A vintage Super Mario Bros. video game. sold for $ 2 million, a collectibles company said on Friday, breaking the record for the most expensive video game sale that was set just a few weeks ago.
The 1985 game, made for Nintendo’s original console, was never opened – a rarity for old video games, said Rob Petrozzo, one of the founders of the collectibles site, Rally. An anonymous buyer bought it, he said.
Demand for collectibles has increased during the pandemic, along with many other forms of investment, as people trapped at home seek ways to spend their money. People have spent millions of dollars on digital artwork – known as non-fungible tokens – like internet memes and video highlights of National Basketball Association players. Physical goods, including vintage cars and sports cards, have also increased in value over the past year.
But video games are still an emerging market, said Petrozzo. Interest in buying older games has grown in recent years, but many vintage games have been opened and played, causing them to lose value, he said, and investors are often intimidated by them. ‘enter an industry they don’t know.
Recently, however, two exceptional sales have sparked interest in the gaming space. A 1987 Legend of Zelda game cartridge that sold for $ 870,000 in early July was considered a record, until ‘a 1996 Super Mario 64 game sold for $ 1.56 million a few days later.
“I think we’re starting to see the natural progression of ‘What else? What are the things that have grown in value since I was a child that have this nostalgia? ‘ Said Mr. Petrozzo.
The last two record sales were made through an auction. Rally uses a different system. The company buys physical collectibles, like comics and cars, and invites people to invest in stocks of individual items just like they would a stock. When someone makes an outright offer to buy one of the items, Rally presents that offer to investors, who vote on whether to sell and take their share of the profits, or decline.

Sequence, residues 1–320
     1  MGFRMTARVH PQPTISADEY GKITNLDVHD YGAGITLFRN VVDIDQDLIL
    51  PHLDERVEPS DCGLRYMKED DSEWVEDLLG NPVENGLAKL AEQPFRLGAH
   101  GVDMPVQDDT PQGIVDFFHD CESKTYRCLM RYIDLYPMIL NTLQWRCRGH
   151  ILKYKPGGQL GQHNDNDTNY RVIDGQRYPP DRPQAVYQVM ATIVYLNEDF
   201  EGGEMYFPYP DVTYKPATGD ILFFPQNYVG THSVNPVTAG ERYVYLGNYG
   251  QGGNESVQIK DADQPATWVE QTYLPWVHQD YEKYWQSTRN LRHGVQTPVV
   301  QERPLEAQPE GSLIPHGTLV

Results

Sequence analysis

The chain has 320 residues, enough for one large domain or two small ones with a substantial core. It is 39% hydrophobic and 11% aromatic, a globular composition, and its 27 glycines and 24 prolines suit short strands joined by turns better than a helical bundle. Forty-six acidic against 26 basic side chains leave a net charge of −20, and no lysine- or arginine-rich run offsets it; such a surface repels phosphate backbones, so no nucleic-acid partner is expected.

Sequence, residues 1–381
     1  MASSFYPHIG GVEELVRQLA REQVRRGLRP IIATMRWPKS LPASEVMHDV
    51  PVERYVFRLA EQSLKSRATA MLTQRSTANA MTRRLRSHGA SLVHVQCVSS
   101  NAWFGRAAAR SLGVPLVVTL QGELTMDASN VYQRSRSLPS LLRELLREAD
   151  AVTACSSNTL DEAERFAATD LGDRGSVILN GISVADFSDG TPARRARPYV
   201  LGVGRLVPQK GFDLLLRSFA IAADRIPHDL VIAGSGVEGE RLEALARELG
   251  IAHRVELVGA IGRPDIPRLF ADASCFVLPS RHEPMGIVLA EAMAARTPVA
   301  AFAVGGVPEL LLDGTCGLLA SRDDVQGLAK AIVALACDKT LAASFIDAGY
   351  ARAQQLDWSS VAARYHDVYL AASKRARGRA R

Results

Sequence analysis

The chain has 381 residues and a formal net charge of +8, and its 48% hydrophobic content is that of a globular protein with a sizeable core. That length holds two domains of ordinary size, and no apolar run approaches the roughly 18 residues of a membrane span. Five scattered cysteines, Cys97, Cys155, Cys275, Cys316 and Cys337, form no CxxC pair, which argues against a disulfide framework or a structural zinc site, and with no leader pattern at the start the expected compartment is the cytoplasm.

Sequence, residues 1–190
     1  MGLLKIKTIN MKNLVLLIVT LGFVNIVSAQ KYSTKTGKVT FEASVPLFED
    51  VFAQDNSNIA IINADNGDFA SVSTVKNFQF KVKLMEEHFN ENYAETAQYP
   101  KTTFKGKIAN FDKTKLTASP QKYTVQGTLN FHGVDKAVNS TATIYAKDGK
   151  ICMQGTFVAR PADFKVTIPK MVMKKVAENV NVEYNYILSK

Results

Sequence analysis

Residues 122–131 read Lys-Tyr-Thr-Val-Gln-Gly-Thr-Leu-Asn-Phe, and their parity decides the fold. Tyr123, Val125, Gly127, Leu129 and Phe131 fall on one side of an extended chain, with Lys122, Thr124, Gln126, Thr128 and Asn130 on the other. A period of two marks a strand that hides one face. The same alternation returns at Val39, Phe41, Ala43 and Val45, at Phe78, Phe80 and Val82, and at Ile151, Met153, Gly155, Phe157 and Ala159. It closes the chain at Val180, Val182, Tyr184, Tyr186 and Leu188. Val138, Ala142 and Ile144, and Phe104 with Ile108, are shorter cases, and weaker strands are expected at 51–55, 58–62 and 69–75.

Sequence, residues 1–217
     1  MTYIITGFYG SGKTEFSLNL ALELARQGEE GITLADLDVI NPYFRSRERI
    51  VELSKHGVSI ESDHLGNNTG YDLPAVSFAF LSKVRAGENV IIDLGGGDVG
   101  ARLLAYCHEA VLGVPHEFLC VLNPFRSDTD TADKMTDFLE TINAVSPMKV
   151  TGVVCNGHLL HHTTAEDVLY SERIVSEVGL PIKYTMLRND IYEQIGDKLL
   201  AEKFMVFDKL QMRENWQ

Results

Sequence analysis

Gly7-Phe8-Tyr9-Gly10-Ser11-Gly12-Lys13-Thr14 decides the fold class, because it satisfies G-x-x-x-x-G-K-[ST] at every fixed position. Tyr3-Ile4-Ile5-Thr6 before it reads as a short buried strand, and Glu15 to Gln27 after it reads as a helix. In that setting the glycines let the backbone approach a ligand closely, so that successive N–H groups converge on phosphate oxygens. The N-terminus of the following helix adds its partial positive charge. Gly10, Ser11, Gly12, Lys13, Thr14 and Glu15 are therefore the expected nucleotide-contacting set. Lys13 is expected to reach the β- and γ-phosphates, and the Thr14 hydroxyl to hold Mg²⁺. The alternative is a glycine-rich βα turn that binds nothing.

Rally bought the Super Mario Bros. game. for $ 140,000 in April 2020, and investors rejected an offer of $ 300,000 last year. The $ 2 million offer from the anonymous buyer – a collector who “makes big bets in the video game space” – has won the approval of three-quarters of the game’s investors, Petrozzo said.
Ed Converse, a law graduate student from Green Bay, Wisconsin, invested $ 100 in the game last year and said he made $ 950 from the sale.
“I’m very excited about this,” said Mr. Converse, 32. “It’s pretty crazy to think I made an investment in this because of nostalgia for playing video games as a kid and now it sells for $ 2 million.”
Mr. Petrozzo thought the boom sale might just be the beginning for game collectors.
“In my opinion, it has not reached the masses,” he said. “You’ll start to see a lot more people paying attention and doing research. “